10. The US state of Michigan plans to establish a 40-mile corridor between the cities of Detroit and Ann Arbor that will be dedicated to connected and autonomous vehicles, reports Bloomberg. The project will be led by Cavnue, a subsidiary of Sidewalk Infrastructure Partners, working with partners including Ford, General Motors (GM), Argo AI, Arrival, BMW, Honda, Toyota, TuSimple, and Waymo. Michigan Governor Gretchen Whitmer said, "We are taking the initial steps to build the infrastructure to help us test and deploy the cars of the future". In the first phase of the project, the companies will focus on testing technology and exploring the viability of a highway dedicated to such vehicles that is expected to last about two years. The goal would be to create a corridor "that allows for a mix of connected and autonomous vehicles, traditional transit vehicles, shared mobility and freight and personal vehicles". (IHS Markit Automotive Mobility's Surabhi Rajpal)
  11. Locomation has completed an eight-day trial of autonomously transporting commercial freight in partnership with Wilson Logistics, reports VentureBeat. During these trials, Locomation deployed its autonomous relay convoy (ARC) technology in the trucks, which enables one driver to pilot a lead truck while the following truck operates in tandem. This allows the driver in the following truck to log off and rest. The pilot scheme was conducted on a 420-mile route from Portland, Oregon to Nampa, Idaho, along the I-84 highway. The trucks covered approximately 3,400 miles and operated autonomously roughly half of the time, delivering 14 commercial loads. Dr Cetin Mericli, CEO and co-founder of Locomation, said, "The successful kickoff of this commercial agreement with Wilson Logistics is a significant milestone for our teams. Despite the threat of COVID-19, we delivered real world results for the most advanced, efficient, and safest solution to make commercial autonomous trucking a reality. Most importantly, the pilot strongly proved that our autonomous technology can be integrated seamlessly and deployed within a real trucking operation in a sustained fashion." Locomation was founded in 2018 by experts in autonomous technology from the National Robotics Engineering Center of the Robotics Institute at Carnegie Mellon University. The company expects full commercialization of its technology by 2022. The company says that its technology can reduce the operating cost per mile by 33% and fuel costs by 8%. (IHS Markit Automotive Mobility's Surabhi Rajpal)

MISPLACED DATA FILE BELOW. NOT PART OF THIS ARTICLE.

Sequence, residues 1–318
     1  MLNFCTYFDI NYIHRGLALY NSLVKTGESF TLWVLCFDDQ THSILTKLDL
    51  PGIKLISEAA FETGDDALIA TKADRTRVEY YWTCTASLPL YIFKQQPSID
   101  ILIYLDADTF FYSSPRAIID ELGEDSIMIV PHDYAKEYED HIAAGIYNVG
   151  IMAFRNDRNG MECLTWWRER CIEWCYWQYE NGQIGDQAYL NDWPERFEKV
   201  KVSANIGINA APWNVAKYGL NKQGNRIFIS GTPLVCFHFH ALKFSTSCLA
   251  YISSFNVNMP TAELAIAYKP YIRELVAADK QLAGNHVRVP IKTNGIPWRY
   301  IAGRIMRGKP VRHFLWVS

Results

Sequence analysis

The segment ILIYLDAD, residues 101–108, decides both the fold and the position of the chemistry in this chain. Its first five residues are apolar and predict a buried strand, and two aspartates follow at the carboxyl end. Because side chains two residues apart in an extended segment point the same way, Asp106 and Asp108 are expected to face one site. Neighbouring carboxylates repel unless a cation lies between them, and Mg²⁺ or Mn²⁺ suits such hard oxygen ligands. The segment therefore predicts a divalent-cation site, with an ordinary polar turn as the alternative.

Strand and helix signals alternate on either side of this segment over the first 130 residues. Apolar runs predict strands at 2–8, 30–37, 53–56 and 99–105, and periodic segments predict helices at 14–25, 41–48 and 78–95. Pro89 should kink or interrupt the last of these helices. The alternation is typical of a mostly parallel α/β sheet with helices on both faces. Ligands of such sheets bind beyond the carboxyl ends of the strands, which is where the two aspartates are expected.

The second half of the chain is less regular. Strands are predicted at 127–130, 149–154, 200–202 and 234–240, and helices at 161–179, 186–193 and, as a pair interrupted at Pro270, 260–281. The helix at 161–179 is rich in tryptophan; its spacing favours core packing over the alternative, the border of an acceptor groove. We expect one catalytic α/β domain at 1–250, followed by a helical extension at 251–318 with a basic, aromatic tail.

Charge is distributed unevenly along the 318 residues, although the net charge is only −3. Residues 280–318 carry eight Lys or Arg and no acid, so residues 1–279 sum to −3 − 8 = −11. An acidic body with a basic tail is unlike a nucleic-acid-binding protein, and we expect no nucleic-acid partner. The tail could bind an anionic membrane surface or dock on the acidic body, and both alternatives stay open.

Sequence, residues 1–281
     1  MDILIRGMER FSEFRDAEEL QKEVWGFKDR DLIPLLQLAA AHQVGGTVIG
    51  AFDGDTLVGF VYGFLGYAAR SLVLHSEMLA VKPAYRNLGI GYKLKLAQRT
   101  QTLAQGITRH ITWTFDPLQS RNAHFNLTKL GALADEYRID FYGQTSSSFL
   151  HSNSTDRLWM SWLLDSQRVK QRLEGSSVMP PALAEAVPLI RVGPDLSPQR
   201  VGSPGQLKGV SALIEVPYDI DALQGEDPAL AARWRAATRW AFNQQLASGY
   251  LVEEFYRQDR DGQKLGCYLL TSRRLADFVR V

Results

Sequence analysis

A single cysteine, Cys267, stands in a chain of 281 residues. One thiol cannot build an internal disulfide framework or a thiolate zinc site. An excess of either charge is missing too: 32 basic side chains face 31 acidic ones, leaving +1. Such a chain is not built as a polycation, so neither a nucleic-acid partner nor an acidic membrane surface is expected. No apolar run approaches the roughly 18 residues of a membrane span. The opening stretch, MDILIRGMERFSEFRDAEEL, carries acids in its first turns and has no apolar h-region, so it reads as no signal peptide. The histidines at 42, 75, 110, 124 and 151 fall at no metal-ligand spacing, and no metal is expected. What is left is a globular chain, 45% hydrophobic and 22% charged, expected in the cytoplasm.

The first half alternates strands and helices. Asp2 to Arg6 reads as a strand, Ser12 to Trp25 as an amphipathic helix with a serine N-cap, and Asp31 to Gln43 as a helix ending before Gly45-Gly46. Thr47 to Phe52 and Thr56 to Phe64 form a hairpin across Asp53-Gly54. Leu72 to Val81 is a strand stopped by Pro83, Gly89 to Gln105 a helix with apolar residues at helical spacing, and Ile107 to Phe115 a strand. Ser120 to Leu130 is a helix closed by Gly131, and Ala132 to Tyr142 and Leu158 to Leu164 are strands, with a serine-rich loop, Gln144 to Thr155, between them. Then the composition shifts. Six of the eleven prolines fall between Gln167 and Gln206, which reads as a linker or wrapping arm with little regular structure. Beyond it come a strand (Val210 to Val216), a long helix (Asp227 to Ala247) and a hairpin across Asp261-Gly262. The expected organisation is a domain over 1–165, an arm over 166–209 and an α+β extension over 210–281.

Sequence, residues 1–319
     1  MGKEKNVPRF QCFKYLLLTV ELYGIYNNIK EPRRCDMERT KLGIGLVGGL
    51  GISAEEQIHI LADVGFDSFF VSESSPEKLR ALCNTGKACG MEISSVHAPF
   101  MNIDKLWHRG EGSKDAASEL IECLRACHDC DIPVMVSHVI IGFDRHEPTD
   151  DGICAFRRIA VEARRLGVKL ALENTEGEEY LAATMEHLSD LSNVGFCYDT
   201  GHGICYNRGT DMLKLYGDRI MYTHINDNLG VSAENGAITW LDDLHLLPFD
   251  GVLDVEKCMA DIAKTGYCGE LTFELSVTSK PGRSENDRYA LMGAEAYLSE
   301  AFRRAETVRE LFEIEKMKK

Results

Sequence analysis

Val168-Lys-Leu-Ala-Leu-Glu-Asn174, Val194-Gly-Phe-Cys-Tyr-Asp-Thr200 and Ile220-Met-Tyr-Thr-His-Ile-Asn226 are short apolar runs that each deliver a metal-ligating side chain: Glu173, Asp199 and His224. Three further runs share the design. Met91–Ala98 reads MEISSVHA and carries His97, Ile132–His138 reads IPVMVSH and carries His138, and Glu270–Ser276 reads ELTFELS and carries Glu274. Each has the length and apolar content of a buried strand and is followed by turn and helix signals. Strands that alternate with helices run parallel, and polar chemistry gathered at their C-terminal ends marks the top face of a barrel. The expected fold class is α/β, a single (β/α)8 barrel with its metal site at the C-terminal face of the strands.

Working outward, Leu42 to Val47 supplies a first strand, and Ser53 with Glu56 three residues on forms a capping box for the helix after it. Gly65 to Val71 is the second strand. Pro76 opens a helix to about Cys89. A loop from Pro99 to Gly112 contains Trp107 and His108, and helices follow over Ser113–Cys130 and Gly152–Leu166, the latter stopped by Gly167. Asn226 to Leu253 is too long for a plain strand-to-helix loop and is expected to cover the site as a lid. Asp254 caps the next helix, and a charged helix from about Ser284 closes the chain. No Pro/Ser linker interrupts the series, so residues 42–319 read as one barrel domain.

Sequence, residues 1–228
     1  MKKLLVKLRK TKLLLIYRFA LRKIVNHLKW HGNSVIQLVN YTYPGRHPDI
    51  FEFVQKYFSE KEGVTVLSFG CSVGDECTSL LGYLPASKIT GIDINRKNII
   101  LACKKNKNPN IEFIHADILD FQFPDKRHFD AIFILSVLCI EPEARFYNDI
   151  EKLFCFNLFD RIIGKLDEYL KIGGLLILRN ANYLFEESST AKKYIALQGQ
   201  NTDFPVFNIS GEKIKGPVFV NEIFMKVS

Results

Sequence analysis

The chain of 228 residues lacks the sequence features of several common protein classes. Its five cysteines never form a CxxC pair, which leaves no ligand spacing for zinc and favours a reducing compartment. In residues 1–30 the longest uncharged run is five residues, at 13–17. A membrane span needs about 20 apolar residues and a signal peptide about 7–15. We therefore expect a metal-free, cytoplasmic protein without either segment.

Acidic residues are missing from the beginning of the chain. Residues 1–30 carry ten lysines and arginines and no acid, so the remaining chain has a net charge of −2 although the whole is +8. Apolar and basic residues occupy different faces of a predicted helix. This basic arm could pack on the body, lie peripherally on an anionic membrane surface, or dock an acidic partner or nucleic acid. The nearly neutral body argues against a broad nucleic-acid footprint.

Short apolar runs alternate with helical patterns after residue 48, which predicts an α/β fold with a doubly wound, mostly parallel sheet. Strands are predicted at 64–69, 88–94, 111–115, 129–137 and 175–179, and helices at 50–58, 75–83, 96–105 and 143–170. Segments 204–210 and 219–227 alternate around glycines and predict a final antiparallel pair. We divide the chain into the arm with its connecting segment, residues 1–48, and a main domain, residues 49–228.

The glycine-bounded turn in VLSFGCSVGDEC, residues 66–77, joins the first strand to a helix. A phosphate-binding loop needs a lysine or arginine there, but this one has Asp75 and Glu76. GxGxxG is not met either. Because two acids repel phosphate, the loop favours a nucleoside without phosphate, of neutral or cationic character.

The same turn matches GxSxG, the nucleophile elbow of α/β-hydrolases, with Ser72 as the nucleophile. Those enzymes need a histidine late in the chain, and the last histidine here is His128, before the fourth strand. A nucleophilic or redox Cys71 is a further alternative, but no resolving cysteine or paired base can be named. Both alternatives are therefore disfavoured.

12. The University of Tennessee is investigating the microbiome of cattle and its influence on feed efficiency. As part of a new three-year project, researchers will aim to determine the microbes and microbial interactions in the rumen of Angus cattle. The scientists will also look at how these microbes affect the conversion of low-quality feedstuffs into usable energy. In addition, the experts will work to estimate the heritability of the rumen microbes and their features and identify host genomic markers that ensure heritability. Phillip Myer - lead investigator, assistant professor and microbiologist in the university's department of animal science - said: "The overarching hypothesis of this project is that host beef cattle genetics are associated with the variation of microbes in the rumen, producing an individualized rumen microbiota among animals." He believes if certain rumen microbes play a key role in feed efficiency, disease resistance and other traits in cattle, they have significant potential to rapidly improve beef cattle nutrition and influence growth. The research has been awarded $0.5 million by the USDA's National Institute of Food and Agriculture. It is one of 23 projects focused on animal nutrition, growth and lactation to receive funding. (IHS Markit Animal Health's Sian Lazell)

Europe/Middle East/ Africa

  1. European equity markets closed lower across the region for the second consecutive day; France/UK -1.6%, Spain -1.3%, Italy -1.1%, and Germany -0.7%.
  2. 10yr European govt bonds closed mixed; France/UK flat, Italy -3bps, and Germany/Spain -1bp.
  3. iTraxx-Europe closed +1bp/55bps and iTraxx-Xover +9bps/345bps, ending almost flat and +5bps week-over-week, respectively.
  4. Brent crude closed -0.4%/$44.80 per barrel.